The ultimate dream of the sort of people who can't sleep at night because they worry that children in India might be able to grow up making more than two dollars a day, is to take away our prosperity for our own good through the total regulation of every area of our lives under the pretext of an imminent environmental crisis.

The Global Warming hysteria is about absolute power over every man, woman and child on earth.

"I strongly believe that the West has much to learn from societies and places which, while sometimes poorer in material terms are infinitely richer in the ways in which they live and organize themselves as communities," Prince Charles said.

It goes without saying that the Prince of Wales is not about to take personal advantage of these infinite spiritual riches of living in a house made of garbage, drinking contaminated water and dying before thirty. What he is saying is that while he personally is a little too attached to his lifestyle, he thinks that we as a society would be better off giving up on the materialism of living on more than two dollars a day and embracing the infinite social and spiritual riches that rich people imagine are accessible only to impoverished Third Worlders.

Environmentalism is wealth redistribution on a global scale. The goal isn't even to lift all boats, but to stop the tide of materialism from making too many people too comfortable.

The liberal billionaire who clamors about sustainability likes progress. What he dislikes is the middle class with its mass produced cars and homes, cheap restaurants full of fatty foods and television sets and daily deliveries of cardboard boxes full of stuff and shopping malls. He thinks, in all sincerity, that they would be happier and more spiritually fulfilled as peasants. It's not an original idea.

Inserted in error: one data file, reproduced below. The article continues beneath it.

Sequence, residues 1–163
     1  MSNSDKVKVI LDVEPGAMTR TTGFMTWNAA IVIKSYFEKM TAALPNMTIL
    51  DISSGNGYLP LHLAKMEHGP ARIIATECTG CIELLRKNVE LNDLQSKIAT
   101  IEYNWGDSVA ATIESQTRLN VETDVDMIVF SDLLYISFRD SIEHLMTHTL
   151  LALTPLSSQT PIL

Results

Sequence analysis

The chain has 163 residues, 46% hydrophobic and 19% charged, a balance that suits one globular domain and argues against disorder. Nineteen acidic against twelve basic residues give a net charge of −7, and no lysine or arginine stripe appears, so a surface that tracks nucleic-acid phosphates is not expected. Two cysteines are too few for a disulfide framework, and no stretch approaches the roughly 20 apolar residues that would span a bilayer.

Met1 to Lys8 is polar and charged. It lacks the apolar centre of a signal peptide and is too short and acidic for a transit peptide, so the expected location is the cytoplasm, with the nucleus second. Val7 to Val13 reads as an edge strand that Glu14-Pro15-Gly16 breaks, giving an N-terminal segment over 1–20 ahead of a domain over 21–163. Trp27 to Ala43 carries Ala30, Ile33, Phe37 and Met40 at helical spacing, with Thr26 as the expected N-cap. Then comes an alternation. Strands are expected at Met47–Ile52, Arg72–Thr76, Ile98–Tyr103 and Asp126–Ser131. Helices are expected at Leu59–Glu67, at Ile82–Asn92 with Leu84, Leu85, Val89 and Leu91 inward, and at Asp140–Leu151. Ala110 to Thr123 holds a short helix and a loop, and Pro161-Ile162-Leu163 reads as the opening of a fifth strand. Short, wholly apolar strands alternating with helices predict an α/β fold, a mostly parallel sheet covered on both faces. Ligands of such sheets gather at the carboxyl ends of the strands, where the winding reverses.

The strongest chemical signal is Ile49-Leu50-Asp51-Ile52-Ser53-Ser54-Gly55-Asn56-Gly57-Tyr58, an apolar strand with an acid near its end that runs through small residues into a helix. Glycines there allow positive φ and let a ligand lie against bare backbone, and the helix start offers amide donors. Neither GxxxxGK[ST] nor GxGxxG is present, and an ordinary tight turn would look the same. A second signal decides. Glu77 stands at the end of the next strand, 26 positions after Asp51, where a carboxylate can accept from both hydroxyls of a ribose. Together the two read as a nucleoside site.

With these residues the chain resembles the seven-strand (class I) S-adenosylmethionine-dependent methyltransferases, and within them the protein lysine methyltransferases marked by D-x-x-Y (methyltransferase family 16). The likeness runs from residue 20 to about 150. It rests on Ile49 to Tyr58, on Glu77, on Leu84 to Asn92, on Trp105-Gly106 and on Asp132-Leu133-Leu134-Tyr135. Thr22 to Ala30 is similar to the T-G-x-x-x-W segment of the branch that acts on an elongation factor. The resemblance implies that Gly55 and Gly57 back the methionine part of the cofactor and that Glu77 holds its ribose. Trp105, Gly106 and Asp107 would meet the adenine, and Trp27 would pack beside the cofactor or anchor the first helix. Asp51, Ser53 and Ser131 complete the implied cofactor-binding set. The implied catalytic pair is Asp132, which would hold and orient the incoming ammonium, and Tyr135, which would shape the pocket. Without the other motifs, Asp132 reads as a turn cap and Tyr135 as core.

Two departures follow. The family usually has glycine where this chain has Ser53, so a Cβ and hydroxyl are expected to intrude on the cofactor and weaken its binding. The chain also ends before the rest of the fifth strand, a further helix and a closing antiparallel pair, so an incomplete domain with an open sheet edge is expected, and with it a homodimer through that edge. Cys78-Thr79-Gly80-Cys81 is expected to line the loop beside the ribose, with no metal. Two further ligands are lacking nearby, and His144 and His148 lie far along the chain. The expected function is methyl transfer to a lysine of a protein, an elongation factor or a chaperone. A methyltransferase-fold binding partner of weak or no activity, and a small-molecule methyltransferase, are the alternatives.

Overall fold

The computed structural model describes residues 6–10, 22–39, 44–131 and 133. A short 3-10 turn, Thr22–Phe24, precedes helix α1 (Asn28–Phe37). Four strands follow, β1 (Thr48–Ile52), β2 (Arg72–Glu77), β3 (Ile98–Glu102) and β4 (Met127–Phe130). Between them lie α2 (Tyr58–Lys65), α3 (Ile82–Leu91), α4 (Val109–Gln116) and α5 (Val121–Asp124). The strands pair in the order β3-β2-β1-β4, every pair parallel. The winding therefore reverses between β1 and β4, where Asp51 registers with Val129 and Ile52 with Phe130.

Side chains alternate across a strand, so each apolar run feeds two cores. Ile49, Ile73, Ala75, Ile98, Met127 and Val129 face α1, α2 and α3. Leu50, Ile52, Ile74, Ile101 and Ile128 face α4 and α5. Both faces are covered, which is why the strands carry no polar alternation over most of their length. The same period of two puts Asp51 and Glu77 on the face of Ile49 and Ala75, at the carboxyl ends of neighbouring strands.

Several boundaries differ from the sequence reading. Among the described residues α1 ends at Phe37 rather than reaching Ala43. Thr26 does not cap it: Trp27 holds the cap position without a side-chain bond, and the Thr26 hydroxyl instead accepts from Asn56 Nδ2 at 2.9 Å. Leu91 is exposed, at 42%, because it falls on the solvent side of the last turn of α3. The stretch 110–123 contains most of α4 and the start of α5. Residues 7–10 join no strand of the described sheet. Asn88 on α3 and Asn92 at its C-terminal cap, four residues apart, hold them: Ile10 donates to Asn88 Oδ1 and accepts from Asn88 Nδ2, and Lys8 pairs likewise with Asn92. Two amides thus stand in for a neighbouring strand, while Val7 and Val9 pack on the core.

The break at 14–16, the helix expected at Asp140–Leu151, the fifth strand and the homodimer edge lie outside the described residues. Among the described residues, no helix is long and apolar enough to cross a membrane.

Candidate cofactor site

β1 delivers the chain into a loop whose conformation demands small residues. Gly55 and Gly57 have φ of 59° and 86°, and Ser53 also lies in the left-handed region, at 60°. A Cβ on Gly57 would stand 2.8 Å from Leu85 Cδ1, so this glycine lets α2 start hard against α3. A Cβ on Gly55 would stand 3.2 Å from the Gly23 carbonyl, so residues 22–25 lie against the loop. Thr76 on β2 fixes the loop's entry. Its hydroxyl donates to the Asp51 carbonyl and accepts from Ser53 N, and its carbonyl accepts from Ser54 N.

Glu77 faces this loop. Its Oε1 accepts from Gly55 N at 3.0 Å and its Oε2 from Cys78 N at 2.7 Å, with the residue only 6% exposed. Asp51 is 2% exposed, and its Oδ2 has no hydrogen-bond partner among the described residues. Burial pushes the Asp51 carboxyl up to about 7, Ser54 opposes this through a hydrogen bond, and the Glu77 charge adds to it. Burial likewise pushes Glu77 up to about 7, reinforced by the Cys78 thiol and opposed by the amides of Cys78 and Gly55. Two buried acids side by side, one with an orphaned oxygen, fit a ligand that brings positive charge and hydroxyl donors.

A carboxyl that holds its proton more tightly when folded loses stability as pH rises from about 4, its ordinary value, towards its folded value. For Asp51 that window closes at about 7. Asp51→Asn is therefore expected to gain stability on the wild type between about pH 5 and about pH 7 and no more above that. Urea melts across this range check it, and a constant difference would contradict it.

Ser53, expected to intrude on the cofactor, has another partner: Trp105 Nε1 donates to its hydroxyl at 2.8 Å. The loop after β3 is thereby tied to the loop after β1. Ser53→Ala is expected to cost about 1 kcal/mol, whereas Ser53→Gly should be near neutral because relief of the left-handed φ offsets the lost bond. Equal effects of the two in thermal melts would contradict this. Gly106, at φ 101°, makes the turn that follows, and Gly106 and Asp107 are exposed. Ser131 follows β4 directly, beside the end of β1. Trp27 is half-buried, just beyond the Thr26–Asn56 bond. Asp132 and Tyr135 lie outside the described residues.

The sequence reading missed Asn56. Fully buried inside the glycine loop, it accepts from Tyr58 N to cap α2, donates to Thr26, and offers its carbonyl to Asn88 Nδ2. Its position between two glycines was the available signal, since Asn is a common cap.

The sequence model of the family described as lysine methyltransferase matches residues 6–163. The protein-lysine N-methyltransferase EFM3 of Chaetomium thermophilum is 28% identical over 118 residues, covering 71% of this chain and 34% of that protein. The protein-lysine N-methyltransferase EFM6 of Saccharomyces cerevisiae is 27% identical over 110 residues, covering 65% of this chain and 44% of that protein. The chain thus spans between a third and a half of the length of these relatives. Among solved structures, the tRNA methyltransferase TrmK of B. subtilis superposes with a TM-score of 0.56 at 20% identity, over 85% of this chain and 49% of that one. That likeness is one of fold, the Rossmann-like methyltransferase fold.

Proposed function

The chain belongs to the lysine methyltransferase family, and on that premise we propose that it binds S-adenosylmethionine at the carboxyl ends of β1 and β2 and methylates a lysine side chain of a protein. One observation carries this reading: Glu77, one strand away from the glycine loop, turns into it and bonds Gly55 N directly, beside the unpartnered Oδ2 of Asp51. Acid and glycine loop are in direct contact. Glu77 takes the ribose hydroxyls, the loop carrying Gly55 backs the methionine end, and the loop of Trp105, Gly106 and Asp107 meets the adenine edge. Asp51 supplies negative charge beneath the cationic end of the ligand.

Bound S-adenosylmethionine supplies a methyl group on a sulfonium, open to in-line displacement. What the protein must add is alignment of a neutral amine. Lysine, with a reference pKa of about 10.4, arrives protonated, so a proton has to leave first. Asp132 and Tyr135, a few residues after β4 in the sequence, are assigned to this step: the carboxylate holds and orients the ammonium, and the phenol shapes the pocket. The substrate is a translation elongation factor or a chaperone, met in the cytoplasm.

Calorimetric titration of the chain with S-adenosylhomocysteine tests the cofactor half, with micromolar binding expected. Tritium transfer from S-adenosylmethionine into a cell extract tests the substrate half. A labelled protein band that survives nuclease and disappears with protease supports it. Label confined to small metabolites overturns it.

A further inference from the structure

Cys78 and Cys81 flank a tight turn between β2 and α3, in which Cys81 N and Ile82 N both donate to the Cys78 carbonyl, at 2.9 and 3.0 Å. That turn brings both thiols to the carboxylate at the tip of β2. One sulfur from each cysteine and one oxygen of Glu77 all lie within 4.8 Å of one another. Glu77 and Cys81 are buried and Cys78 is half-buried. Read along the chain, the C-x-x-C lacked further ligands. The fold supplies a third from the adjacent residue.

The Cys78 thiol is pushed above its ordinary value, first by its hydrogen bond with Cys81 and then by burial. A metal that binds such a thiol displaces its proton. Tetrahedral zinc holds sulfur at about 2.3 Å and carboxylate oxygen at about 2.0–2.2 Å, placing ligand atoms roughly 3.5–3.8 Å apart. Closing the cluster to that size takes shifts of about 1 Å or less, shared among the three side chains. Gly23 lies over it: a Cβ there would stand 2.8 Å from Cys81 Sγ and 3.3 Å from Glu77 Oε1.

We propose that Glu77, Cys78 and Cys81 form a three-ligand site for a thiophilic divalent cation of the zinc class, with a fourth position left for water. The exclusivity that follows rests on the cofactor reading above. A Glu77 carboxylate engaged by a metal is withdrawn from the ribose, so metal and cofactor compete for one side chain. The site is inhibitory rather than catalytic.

The Industrial Revolution had hardly begun revolving when the 'Back to Nature' crowd began insisting that it was time to learn a more harmonious way of life by going back to the farm. Centuries later the only new idea that they have come up with is threatening an environmental apocalypse if the middle class doesn't change its mass producing ways. Even its adoration of the Noble Savage is older than the American Revolution.

The modern environmentalism jettisons the idea of moving to a dilapidated farmhouse to spend time being bored while trying to make artisanal rocking chairs to sell to someone, It's done its time searching for the noble savage within through drugs and degradation decades ago. Now it's our turn to tap into the infinity of spiritual riches that comes from just barely getting by.

While the tabloid front pages can't get enough of Weiner, both of the Democratic front runners to
replace Mayor Bloomberg, Quinn and De Blasio, have embraced his mandatory composting plan for the city. New York City is not currently experiencing a compost shortage. There is no reason to force millions of urban residents to hoard rotting garbage except for the moral one. The sustainable logic of the slum that makes us better people by making us more miserable.

The Soviet idea of progress was feudalism dressed up in Socialist red. Environmentalism dresses up feudalism in Green. It seeks to reverse all the progress that we have made in the name of progress. Environmentalism is as sophisticated as a Soviet collective farm, as modern as the homeless people dragging bags of cans along on sticks to feed the machine and as smart as a slum made of trash.

Beneath all the empty chatter about social riches and sustainability is that need to impose progressive misery. Beneath the glossy surface of environmentalism is a vision of the American middle class learning to dig through bags of garbage, the detritus of their consumerism for which they must be punished, to become better people. 


sykes.1 said...